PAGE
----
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Cyclosporine was tapered at the rate of 1 mg/kg every 4 weeks in each of the cases and on reaching the dose of 1 mg/kg it was continued for another 2 months. One-year follow-up of three cases showed mild recurrence of lesions on stopping therapy after gradual tapering and oral cyclosporine was restarted at a lower dose in all of them along with addition of topical medications. Case 1 showed persistent hair growth at the end of 1 year after stopping oral medications and was maintained only on topicals. No alarming side effects of cyclosporine requiring discontinuation of the drug were seen in any of our cases except one child developed mild anemia, which was managed with oral iron supplementation.


  Discussion Top


Clinically, AA most commonly presents as well-circumscribed patchy hair loss over the scalp. On the basis of larger patches and extensive involvement, it can be AA multilocularis, alopecia totalis, and alopecia universalis. Based on the pattern of involvement, it has been classified into reticular, ophiasis, and sisipho types. Diagnosis is mainly clinical, with the presence of exclamatory mark hairs with positive hair-pull test (>6 hairs) and positive dermoscopy findings such as black dots, broken hairs, and tapering hair helping in the diagnosis. Characteristic histopathological findings of peribulbar and intrabulbar lymphocytic infiltrate around anagen follicles, resembling “swarm of bees” in acute phase, high ratio of catagen/telogen hair follicles in subacute phase and follicular miniaturization in chronic phase establishes the disease.[1] The main goal of treatment should involve cosmetically acceptable hair regrowth to improve the patients quality of life.[2],[3] In childhood AA, the biggest concern is counseling of the parents regarding the disease course, prognosis, and poor treatment response.

The pathogenesis is still unclear. The HLA-DQB1*0301 and HLA-DRB1*1104 MHC class II alleles are widely associated with AA.[4] In genetically predisposed individuals, there is an autoimmune process in the hair follicles involving the loss of immune privilege mechanism with upregulation of MHC expression and attack by cytotoxic CD8+ cells.[4] In childhood AA where the disease onset is before the age of 15 years, a positive family history is strongly associated.

In recent years taking into account the patient's compliance and associated pain in treatment, oral cyclosporine has been used in a vast array of autoimmune diseases. It has been included in the third-line therapeutic options in the treatment ladder of AA. CsA inhibits the transcription of interleukin 2 mRNA, thereby blocking proliferation of T-cells. It also suppresses interferon-gamma production. Moreover, its documented adverse effect of hypertrichosis by prolongation of anagen phase of hair growth cycle can add to its use in AA.[5] However, there is conflicting opinion regarding efficacy of the drug in AA, and it takes a back step while considering its side effects and high relapse rate.[6]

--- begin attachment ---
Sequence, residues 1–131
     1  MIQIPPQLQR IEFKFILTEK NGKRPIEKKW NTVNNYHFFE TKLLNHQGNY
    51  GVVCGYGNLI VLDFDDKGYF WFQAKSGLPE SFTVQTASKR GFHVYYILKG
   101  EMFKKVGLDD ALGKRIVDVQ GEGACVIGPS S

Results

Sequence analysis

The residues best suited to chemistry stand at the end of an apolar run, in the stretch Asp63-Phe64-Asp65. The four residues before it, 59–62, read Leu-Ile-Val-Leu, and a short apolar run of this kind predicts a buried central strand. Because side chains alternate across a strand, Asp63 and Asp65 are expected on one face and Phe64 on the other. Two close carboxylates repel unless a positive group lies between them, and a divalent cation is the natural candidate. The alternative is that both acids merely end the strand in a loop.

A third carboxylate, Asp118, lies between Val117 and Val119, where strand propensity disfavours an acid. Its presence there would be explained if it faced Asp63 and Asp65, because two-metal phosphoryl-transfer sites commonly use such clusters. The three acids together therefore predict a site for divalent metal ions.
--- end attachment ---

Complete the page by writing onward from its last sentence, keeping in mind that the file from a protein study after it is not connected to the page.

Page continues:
The side effect profile of CsA includes hypertension, nephrotoxicity, and immune suppression. Safety and efficacy of CsA in pediatric age group have been documented in many studies on atopic dermatitis and psoriasis. Attributing to decreased sensitivity to CsA, higher clearance and decreased bioavailability of the drug, children are less susceptible to CsA-induced nephropathy than adults.[7],[8],[9] One meta-analysis of CsA use in atopic dermatitis suggests that the efficacy is same in both adults and children, whereas the tolerability is superior in pediatrics age group.[9]

In our cases, although the response to therapy with cyclosporine plus corticosteroids was not sustained after stopping the medications, it can be aptly concluded that in cases of extensive childhood AA with delusive prognosis, anxious parents, elaborate side effects of long-term oral corticosteroids, and minimal response to conventional therapy, cyclosporine should be considered as a first-line therapy with a much safer drug profile, especially in children.

Declaration of patient consent

The authors certify that they have obtained all appropriate patient consent forms. In the form the patient(s) has/have given his/her/their consent for his/her/their images and other clinical information to be reported in the journal. The patients understand that their names and initials will not be published and due efforts will be made to conceal their identity, but anonymity cannot be guaranteed.

Financial support and sponsorship

Nil.

Conflicts of interest

There are no conflicts of interest.



 
  References Top

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Seetharam KA. Alopecia areata: An update. Indian J Dermatol Venereol Leprol 2013;79:563-75.  Back to cited text no. 1
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Price VH. Alopecia areata: Clinical aspects. J Invest Dermatol 1991;96:68S.  Back to cited text no. 2
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Fiedler VC. Alopecia areata. A review of therapy, efficacy, safety, and mechanism. Arch Dermatol 1992;128:1519-29.  Back to cited text no. 3
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Messenger AG. Alopecia areata. In: Burns T, Breathnach S, Cox N, Griffiths C, editors. In: Rook's Textbook of Dermatology. 9th ed., Vol. 89. Oxford: Blackwell Publishing Ltd.; 2010. p.89, 28-34.  Back to cited text no. 4
    
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Ferrando J, Grimalt R. Partial response of severe alopecia areata to cyclosporine A. Dermatology 1999;199:67-9.  Back to cited text no. 5
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Alkhalifah A, Alsantali A, Wang E, McElwee KJ, Shapiro J. Alopecia areata update: Part II. Treatment. J Am Acad Dermatol 2010;62:191-202, quiz 203-4.  Back to cited text no. 6
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Feutren G, Mihatsch MJ. Risk factors for cyclosporine-induced nephropathy in patients with autoimmune diseases. International kidney biopsy registry of cyclosporine in autoimmune diseases. N Engl J Med 1992;326:1654-60.  Back to cited text no. 7
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Mihatsch MJ, Thiel G, Ryffel B. Renal side-effects of cyclosporin A with special reference to autoimmune diseases. Br J Dermatol 1990;122 Suppl 36:101-15.  Back to cited text no. 8
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Schmitt J, Schmitt N, Meurer M. Cyclosporin in the treatment of patients with atopic eczema – A systematic review and meta-analysis. J Eur Acad Dermatol Venereol 2007;21:606-19.  Back to cited text no. 9
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  [Figure 1], [Figure 2], [Figure 3], [Figure 4]